MARLBORO — The Marlboro Studio School is gearing up for its second term of studio classes beginning Sunday, Oct. 8, on the 500-plus–acre Potash Hill campus on South Road. Fall 2023 course offerings include residential one-week workshops and eight-week studio classes. Enrollment is open for all fall 2023 courses, and space is still available.
The Marlboro Studio School is a newly developing art center with established facilities that offer hands-on instruction to all levels of students in a variety of craft and fine art media and a focus on ecologically sound, environmentally friendly techniques and processes.
Spaces include a fully outfitted ceramics studio, a multimedia sculpture studio, and a painting studio, among other multipurpose flexible work and stay spaces.
The school, directed by former Marlboro professor and ceramic artist David Eichelberger, began offering studio classes in the spring of this year. In response to positive feedback, the school has increased the number of courses, widened the breadth of media offered in studio classes, and added a variety of workshops.
"The existing visual arts facilities on the Potash Hill campus are an outstanding opportunity to bring together individuals who communicate through the work of their hands," Eichelberger said in a news release. "As a residential craft school, the Marlboro Studio School invites students from across the country to stay on campus and immerse themselves in a studio experience to learn, develop, and refine their skills."
The fall 2023 term marks the first time Marlboro Studio School will welcome residential students.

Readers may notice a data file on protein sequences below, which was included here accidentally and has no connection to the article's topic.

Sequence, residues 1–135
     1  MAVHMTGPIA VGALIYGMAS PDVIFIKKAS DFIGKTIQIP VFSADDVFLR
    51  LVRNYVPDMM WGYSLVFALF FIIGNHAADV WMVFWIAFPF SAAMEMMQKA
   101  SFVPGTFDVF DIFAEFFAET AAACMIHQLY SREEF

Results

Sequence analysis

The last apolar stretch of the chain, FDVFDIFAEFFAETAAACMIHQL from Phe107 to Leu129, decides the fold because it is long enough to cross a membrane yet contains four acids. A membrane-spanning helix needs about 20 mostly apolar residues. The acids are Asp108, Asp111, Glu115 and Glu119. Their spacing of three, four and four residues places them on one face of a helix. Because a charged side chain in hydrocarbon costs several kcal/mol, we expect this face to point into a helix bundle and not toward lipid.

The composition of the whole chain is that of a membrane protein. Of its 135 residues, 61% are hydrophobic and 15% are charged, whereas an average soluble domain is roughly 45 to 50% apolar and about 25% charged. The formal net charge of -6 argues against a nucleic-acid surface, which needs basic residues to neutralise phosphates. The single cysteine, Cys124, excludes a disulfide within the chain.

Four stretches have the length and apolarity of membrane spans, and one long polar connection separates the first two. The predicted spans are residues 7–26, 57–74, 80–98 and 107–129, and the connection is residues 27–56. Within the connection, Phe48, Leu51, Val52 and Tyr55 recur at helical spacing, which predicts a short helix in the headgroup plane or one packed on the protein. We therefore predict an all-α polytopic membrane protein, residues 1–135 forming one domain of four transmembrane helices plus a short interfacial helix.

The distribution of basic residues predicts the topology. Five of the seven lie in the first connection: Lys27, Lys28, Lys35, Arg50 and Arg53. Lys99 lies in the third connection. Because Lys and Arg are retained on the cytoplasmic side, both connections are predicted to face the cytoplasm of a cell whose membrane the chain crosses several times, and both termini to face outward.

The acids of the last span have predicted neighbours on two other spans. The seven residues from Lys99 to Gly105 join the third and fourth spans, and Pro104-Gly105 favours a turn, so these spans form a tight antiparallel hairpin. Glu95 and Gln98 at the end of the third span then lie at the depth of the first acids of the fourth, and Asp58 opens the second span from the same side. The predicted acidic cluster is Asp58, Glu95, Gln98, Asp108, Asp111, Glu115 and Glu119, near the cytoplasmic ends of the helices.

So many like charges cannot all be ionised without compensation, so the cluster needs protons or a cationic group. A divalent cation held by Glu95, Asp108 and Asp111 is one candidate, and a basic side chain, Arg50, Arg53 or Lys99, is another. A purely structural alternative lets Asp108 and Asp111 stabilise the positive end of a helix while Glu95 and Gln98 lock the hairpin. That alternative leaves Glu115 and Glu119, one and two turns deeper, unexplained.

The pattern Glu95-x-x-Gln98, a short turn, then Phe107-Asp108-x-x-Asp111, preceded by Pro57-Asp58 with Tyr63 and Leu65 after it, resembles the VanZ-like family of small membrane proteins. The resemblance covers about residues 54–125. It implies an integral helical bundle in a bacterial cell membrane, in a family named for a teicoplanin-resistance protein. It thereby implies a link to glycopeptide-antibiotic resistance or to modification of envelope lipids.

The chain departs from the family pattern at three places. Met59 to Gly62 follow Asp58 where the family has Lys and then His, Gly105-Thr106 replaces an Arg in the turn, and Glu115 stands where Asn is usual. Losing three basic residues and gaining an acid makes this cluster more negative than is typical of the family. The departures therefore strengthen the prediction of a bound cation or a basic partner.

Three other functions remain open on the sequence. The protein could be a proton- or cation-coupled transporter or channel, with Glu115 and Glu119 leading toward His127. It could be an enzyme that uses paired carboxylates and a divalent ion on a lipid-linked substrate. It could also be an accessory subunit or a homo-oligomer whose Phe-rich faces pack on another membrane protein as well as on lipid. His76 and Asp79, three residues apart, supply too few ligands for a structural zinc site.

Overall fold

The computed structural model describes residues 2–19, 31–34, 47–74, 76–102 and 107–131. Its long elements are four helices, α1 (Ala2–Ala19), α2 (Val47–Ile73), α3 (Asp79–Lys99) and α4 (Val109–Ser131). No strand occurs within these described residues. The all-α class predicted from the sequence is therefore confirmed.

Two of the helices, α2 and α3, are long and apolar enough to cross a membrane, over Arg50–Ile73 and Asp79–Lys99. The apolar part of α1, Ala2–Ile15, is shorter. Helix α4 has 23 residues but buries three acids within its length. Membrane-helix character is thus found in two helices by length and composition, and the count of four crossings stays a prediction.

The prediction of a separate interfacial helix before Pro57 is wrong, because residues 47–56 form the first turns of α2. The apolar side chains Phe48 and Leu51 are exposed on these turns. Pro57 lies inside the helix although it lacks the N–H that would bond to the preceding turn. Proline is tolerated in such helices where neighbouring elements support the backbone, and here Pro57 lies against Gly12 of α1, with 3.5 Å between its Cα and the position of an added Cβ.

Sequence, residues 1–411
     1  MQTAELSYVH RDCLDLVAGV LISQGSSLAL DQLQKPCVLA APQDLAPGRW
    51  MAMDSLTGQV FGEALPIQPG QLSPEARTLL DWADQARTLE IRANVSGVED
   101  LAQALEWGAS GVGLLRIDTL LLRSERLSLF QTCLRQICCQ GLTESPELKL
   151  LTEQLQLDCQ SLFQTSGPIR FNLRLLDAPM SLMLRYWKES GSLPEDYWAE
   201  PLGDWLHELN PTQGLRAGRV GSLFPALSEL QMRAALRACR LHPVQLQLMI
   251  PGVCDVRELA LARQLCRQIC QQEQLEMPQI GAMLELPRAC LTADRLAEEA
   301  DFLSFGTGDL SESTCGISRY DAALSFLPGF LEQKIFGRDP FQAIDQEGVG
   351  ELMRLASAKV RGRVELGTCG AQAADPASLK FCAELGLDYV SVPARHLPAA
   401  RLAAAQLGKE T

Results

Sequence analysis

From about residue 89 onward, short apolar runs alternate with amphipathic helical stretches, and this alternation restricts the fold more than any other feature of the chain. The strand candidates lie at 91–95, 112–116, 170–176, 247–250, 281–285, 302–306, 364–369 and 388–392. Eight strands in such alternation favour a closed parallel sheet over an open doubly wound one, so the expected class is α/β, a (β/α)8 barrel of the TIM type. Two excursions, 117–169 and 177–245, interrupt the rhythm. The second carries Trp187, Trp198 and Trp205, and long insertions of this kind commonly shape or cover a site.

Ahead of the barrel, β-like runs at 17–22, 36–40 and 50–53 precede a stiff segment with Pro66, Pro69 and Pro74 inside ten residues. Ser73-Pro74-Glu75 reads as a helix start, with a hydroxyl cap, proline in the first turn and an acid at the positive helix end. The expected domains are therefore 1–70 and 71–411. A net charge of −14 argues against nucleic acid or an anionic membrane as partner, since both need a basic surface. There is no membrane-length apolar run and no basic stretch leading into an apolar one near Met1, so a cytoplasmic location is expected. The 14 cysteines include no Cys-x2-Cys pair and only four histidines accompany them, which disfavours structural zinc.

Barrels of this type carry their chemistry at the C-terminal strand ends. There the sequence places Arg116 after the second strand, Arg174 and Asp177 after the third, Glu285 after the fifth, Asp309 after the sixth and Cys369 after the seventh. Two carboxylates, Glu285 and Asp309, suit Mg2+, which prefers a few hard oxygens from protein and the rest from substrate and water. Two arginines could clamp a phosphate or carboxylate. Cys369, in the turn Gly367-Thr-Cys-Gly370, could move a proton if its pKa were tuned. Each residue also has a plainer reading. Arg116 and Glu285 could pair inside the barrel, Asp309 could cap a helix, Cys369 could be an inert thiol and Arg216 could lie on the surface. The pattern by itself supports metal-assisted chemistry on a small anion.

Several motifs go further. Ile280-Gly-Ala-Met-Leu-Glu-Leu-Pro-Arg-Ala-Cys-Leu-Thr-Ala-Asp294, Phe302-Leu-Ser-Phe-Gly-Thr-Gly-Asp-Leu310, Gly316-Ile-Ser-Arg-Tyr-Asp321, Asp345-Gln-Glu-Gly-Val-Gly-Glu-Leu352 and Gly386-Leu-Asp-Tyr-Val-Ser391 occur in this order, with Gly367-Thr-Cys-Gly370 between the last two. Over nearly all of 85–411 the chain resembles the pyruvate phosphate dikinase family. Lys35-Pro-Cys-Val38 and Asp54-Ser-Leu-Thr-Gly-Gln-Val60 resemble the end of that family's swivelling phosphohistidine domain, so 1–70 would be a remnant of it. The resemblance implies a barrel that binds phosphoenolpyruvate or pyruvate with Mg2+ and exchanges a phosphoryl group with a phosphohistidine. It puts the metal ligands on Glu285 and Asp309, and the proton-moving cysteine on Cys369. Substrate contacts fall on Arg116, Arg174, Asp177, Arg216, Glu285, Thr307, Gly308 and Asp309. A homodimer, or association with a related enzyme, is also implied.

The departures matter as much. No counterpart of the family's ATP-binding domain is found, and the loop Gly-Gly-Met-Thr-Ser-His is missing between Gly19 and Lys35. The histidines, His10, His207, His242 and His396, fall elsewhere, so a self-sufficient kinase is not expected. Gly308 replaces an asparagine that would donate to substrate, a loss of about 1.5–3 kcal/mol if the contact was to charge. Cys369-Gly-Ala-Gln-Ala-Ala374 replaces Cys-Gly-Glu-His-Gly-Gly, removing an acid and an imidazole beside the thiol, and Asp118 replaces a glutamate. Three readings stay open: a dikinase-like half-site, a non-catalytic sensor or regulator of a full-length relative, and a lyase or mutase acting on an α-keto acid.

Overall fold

The artist-led, one-week residential workshops will provide the opportunities for both intensive study and cross-pollination across the subjects through residential life.
Workshops include gel plate printing with Holly Hughes; wax carving and lost wax metal casting with Anna Bario, Vanessa Graham, and Will Nevins-Alderfer; and slip cast ceramics with Eichelberger.
Students enrolled in Marlboro Studio School's inaugural week-long residential workshops will stay in Potash Hill residence halls, take meals in the dining hall managed by the Brattleboro Food Co-Op, and engage in social events on campus. Their days will be filled with studio instruction and independent work time in the school's purpose-built studio spaces. "Students can expect a comfortable, intimate experience," says Eichelberger.
The school's programmatic offerings will expand to include additional studio classes and workshops, public lectures, exhibitions, and artist residencies in the 2023–24 season and beyond. More information can be found at marlborostudioschool.org.
This The Arts item was submitted to The Commons.